China gives its yuan to Broadway
Updated: 2015-06-08 11:25
By Amy He in New York(China Daily USA)
Winners from Sunday's Tony Awards have something else in common: Chinese backing.
China, with its growing appetite for Western musical theater productions, is beginning to put its money on Broadway. Titles nominated for the Tony Awards at Radio City Music Hall in New York - Hand to God, Something Rotten! and An American In Paris - all have investment from Chinese companies, according to The Wall Street Journal.
An American in Paris was nominated for 12 Tonys, including Best Musical. The musical, starring Robert Fairchild and Leanne Cope, is based on the 1951 movie of the same name starring Gene Kelly.
As of 10 pm ET Sunday, An American in Paris had won four Tonys: for Best Choreogrpahy (Christopher Wheeldon), Best Lighting Design of a Play (Natasha Katz), Best Orchestrations (Christopher Austin, Don Sebesky and Bill Elliott) and Best Scenic Design of a Musical (Bob Crowley and 59 Productions).
Christian Borle of Something Rotten! won Best Featured Actor in a Musical.
The Curious Incident of the Dog in the Night-Time won the Tony for Best Play.
Simone Genatt, chairman of Broadway Asia, one of the producers for An American in Paris and a production and distribution company that works primarily in Asia, said that the Chinese are investing in Broadway shows for touring opportunities and to try to learn about the live entertainment business.
"I think they're investing because they believe that these shows will come to China both for touring and licensing opportunities, and also because they are gathering knowledge and information to help expand the business for live entertainment in China, based on the commercial systems that are part of Broadway," she told China Daily.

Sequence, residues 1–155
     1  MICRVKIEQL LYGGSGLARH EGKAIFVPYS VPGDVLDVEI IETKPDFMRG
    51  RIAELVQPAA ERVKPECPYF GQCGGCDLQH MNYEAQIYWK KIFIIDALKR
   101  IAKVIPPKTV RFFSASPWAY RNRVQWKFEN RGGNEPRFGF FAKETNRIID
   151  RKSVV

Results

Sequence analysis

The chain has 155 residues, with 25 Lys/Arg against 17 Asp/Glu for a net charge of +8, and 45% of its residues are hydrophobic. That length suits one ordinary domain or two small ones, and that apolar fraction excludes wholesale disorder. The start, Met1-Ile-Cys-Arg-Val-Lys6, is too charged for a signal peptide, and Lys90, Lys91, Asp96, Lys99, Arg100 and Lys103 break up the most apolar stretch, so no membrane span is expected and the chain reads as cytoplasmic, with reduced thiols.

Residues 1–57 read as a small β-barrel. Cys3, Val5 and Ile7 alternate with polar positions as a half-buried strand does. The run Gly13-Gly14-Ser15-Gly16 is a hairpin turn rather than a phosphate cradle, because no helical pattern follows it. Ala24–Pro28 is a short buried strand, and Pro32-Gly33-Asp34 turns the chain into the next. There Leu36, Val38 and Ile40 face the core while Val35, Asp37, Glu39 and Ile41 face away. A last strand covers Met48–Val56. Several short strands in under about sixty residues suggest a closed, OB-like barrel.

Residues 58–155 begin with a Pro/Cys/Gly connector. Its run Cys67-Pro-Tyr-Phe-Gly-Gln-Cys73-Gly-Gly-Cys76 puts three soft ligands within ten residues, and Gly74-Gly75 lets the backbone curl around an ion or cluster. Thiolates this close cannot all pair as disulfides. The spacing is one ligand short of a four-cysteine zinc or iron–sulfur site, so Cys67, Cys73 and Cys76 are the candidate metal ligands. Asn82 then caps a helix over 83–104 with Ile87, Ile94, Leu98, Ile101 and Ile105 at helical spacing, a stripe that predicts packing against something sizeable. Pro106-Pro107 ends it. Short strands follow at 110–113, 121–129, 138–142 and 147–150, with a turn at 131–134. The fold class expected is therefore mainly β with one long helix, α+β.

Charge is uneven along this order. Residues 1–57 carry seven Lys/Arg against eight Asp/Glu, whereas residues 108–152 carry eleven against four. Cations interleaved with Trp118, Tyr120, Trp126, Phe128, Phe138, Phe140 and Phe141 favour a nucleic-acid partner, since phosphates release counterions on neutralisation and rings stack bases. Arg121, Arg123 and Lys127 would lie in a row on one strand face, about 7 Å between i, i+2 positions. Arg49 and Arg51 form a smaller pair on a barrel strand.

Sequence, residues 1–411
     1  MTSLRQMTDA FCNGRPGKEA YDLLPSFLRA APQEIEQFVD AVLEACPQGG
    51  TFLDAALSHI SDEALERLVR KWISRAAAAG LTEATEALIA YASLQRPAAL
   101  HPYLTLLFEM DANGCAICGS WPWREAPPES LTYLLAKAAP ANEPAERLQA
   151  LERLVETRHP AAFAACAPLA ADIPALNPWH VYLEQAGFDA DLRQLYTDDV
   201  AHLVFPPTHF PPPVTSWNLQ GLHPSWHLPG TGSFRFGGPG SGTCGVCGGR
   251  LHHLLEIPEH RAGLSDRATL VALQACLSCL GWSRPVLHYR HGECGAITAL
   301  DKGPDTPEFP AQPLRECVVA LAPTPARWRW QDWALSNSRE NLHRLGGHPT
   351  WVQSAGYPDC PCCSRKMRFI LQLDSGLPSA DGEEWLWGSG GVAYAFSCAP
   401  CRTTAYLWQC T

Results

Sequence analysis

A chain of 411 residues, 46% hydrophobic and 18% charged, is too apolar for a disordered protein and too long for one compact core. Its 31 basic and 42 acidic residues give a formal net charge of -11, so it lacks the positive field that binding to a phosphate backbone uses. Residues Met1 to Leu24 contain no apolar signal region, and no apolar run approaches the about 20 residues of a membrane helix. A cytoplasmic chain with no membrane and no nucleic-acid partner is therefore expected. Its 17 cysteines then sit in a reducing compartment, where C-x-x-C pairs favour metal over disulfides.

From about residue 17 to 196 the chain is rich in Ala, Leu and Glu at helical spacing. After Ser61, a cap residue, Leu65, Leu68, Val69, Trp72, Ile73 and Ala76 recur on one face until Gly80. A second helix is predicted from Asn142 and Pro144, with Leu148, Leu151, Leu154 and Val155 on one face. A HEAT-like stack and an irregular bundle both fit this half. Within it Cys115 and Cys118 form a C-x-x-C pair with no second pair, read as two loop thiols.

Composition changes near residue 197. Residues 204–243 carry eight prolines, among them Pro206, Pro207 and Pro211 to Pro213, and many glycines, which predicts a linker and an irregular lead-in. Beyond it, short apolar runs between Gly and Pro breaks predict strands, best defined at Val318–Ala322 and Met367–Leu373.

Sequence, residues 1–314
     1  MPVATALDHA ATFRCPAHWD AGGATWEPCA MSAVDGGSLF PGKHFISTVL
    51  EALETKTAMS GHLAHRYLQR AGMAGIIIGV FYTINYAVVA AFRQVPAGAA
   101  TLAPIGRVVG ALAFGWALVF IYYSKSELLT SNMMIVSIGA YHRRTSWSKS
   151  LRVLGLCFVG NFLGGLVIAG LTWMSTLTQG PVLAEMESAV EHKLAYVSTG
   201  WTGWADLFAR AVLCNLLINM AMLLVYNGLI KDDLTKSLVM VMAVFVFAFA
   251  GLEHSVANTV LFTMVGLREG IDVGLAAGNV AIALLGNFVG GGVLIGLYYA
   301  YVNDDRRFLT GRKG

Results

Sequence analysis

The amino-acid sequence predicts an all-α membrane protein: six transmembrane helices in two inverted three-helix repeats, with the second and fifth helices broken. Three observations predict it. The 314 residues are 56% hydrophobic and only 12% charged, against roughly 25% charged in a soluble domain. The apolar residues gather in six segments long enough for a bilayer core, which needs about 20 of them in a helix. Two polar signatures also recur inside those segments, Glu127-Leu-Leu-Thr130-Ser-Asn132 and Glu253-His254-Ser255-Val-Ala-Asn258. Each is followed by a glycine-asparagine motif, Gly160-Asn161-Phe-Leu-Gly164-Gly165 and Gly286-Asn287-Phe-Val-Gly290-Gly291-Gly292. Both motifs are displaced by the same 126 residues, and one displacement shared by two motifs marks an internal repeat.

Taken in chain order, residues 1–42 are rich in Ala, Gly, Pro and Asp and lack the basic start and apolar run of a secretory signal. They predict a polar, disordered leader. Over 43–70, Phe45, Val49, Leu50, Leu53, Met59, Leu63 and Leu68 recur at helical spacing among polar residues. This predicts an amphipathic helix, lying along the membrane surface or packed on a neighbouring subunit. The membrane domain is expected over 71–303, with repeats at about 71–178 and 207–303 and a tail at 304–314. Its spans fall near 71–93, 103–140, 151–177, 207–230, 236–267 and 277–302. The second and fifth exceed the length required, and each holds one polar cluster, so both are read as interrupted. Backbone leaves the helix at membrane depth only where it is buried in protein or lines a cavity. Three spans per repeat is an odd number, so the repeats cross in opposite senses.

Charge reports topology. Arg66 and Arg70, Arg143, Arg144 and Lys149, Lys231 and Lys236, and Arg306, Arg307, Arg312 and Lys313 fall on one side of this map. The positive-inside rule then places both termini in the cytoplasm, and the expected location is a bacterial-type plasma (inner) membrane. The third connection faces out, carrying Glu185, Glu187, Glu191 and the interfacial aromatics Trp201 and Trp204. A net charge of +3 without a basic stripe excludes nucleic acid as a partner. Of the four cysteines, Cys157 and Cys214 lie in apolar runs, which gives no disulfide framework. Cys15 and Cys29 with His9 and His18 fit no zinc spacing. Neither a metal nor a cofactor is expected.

Broadway Asia is producing the North American tour of An American in Paris and is looking to take the show to China by summer of 2018, Genatt said. China Broadway Entertainment is one of the backers of the Gene Kelly classic, according to The Wall Street Journal.
Genatt said that there has been "a huge arc in growth" in China, both in the expansion of the number of shows performed in the market and the number of cities that are playing the shows, and that's why Chinese companies are looking to be involved in Broadway musical entertainment.
She predicts that An American in Paris will be "hugely successful" in the Chinese mainland.
"We think there are a lot of reasons why we chose this particular show with investment opportunity with Chinese partners; also because it's all about Paris, and the Chinese love the French," she said. "It has extraordinary and beautiful dance and music, and it's a giant romantic story, so I think that from every point of view, it will touch the Chinese's hearts. I think it will be very popular in the marketplace."
Shanghai-based China Media Capital invested in two other Tony-award winners, Hand to God and Something Rotten!, both of which were produced by Broadway Global Ventures. Kevin McCollum, owner of the production company, declined to disclose to The Wall Street Journal how much the Chinese private-equity fund invested, but said that the backing can help the company expand into China.
McCollum said that he eventually hopes to create original shows with writers from both countries that can be a "fusion of both cultures," allowing the shows to be performed both in the US and China, which is part of China Media Capital's goals.
"Because at the end of the day, we want to make our own original shows," Clark Xu, managing director of China Media Capital, told the Journal.
Western musical theater has seen popularity grow in China, with Broadway classics such as Cats and The Sound of Music touring in the country for years. Hits Mamma Mia and Cats have been translated to Chinese.
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